Infant Salvation: Beginning Assumptions
Before we plunge into the waters of this doctrine, I’d like to attempt to stake out some boundaries for this investigation. As conservative, evangelical, missional, Baptist Christians we must be able to show that any conclusion reached as a result of this study must not fall into positions that are un-Scriptural at best and heretical at worst. With that in mind, we can agree that any doctrine of infant salvation, to be valid, must avoid:
- Universalism. We cannot fall into the heresy that all will be saved. The universalist argument generally goes something like this: “God is love. Since a loving God would not allow any of his precious creatures to suffer in Hell, we can know that at some time everyone will be saved.” This is untrue and refuted soundly by even a cursory reading of the Bible. It ought to be enough that even Jesus spoke regularly of people being consigned to hell. Some, in affirming the salvation of all who die in infancy, have even preached that it might have been better for all humans to die in infancy so that they would attain heaven! Thankfully, we are not that hysterical, nor are we that histrionic. The Bible clearly teaches that not all will be saved, only a few. Universalism renders the question of infant salvation irrelevant. A doctrine of infant salvation cannot affirm universal salvation.
- Post-mortem salvation. We cannot fall into the very troubling view that people are offered a chance to believe in Jesus after they die. This view is actually a modification of universalism. In this view, not all who die are saved; however, based on a misinterpretation of 1 Peter 3:18-19 and 4:6 some people teach that Jesus “preached the gospel to souls in hell.” Then those souls, usually people who have never heard the gospel and infants, can finally decide for themselves whether to accept or reject Christ. Faith in Christ in this life is not necessary, since Christ will be preached after death. This view is worse than universalism in that besides directly contradicting the biblical witness that “it is appointed for a person once to die and then face judgment” (Hebrews 9:27), it gives us absolutely no hope that anyone will ever be saved once they die. Would you like for your child to die and then never know if he/she accepted or rejected Christ after death? What kind of cruel, sadistic torment would that inflict upon parents who have lost children? If anyone preach such a doctrine, let him be swiftly corrected, otherwise let him be anathema. A doctrine of infant salvation cannot place that salvation after death.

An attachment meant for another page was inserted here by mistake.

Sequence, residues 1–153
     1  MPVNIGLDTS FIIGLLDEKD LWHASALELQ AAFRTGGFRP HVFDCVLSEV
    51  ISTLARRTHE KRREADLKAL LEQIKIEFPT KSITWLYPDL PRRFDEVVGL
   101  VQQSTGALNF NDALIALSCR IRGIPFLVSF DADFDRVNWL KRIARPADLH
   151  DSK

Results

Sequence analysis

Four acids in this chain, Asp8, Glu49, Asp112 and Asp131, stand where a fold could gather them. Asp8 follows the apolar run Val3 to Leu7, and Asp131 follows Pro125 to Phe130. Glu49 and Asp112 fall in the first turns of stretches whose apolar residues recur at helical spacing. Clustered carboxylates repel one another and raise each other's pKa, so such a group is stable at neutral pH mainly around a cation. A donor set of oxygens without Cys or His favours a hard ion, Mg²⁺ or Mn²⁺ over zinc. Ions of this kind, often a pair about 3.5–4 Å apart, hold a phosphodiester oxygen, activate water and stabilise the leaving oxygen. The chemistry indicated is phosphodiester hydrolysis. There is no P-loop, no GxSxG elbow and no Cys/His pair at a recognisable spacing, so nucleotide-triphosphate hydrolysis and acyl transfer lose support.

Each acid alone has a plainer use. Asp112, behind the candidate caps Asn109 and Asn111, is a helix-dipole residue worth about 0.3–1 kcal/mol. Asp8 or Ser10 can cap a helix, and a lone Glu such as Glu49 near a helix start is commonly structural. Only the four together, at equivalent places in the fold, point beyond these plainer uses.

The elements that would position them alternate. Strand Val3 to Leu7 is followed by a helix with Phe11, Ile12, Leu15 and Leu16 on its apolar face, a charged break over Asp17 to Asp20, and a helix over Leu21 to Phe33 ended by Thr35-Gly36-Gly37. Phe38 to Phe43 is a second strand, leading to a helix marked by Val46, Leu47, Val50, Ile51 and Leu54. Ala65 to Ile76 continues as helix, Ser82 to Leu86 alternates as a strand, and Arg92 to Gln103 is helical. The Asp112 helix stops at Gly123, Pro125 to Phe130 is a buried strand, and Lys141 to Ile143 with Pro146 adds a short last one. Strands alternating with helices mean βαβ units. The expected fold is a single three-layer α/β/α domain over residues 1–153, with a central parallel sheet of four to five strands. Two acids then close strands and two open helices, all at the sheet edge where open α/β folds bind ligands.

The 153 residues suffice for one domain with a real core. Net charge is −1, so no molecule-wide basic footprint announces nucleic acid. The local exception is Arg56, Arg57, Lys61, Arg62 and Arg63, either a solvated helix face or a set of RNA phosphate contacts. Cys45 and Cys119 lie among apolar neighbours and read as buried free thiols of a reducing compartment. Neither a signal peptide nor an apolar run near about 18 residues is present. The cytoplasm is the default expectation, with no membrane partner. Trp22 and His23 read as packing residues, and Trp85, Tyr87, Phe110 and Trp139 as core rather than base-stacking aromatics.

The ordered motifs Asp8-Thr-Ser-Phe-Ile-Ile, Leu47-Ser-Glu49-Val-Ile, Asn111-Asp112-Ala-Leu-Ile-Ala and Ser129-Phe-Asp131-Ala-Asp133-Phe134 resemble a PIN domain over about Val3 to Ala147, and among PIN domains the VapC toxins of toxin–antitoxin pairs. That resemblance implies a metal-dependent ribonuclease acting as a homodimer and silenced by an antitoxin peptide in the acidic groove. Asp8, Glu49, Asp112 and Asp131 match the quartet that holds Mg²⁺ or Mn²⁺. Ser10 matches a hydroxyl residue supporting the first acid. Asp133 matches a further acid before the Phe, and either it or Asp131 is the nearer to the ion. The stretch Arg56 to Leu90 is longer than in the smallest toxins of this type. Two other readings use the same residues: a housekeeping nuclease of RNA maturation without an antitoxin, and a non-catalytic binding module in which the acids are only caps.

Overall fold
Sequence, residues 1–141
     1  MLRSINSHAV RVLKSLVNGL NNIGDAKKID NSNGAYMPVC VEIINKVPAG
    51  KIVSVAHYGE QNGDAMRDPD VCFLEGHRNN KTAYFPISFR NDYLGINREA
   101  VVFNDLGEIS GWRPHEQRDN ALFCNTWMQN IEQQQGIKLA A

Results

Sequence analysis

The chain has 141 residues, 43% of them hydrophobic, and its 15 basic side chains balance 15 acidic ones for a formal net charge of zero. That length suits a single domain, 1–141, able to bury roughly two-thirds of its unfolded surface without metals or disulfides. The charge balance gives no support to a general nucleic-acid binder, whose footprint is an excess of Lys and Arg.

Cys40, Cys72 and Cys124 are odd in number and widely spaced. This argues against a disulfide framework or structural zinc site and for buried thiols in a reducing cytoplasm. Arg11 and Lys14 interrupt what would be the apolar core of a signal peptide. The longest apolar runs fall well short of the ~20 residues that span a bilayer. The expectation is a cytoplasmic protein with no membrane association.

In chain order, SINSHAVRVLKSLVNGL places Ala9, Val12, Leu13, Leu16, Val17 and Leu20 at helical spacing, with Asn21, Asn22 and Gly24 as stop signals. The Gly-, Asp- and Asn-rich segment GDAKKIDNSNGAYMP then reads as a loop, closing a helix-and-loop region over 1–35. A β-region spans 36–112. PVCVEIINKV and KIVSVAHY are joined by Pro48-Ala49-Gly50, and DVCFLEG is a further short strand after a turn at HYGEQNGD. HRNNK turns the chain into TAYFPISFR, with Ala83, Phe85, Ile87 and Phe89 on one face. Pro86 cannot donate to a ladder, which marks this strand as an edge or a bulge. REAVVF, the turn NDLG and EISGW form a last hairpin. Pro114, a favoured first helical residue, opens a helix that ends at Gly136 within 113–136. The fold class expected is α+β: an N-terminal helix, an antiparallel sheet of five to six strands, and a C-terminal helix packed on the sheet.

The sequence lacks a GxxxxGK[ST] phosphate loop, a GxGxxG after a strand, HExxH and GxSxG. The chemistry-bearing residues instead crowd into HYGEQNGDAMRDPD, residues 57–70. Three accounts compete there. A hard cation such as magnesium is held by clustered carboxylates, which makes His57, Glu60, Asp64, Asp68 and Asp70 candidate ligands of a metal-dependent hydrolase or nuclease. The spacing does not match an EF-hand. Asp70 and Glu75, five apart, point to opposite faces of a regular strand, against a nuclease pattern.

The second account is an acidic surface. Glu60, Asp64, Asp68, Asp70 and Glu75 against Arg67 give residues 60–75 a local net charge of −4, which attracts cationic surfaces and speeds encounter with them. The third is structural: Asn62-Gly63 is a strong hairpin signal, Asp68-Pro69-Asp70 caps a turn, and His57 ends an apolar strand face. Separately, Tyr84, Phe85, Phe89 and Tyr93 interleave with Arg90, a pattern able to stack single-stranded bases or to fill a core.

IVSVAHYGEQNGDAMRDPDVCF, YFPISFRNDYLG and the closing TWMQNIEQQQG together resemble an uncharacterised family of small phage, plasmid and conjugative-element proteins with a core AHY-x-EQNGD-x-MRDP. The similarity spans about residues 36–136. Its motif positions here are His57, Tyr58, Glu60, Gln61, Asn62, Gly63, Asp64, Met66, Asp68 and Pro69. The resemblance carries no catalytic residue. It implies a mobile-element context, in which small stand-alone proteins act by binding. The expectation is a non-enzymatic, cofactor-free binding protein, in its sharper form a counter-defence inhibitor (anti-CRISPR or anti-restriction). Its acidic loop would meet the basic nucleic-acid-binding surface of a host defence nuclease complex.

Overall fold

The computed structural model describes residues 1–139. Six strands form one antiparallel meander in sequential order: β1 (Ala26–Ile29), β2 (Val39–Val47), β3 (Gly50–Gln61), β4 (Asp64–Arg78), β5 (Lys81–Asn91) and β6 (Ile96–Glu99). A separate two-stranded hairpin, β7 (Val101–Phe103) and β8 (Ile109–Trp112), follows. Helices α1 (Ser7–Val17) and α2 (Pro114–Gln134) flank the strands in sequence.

- Baptismal regeneration. We cannot fall into a view that baptism saves. Many denominations baptize babies by either sprinkling or pouring. Roman Catholics teach that only baptized children are saved. However, Scripture is clear that it is faith in Christ alone that saves, the sign of which is baptism. Obviously, babies cannot exercise a profession of faith in Christ, therefore any baptism of an infant is invalid as a sign of salvation. Nor is baptism itself salvific, since Christ himself said baptism is done to fulfill righteousness (Matthew 3:15). To “fulfill” means “to bring into realization or actuality; to put into effect.” In other words, to fulfill something, in the sense we are using the word here, is to mark it as something that has already taken place or is understood to be true. Baptism identifies a person as saved, it does not actually save. As such, only a person who has professed faith in Christ can actually be baptized. A doctrine of infant salvation cannot rest on baptism.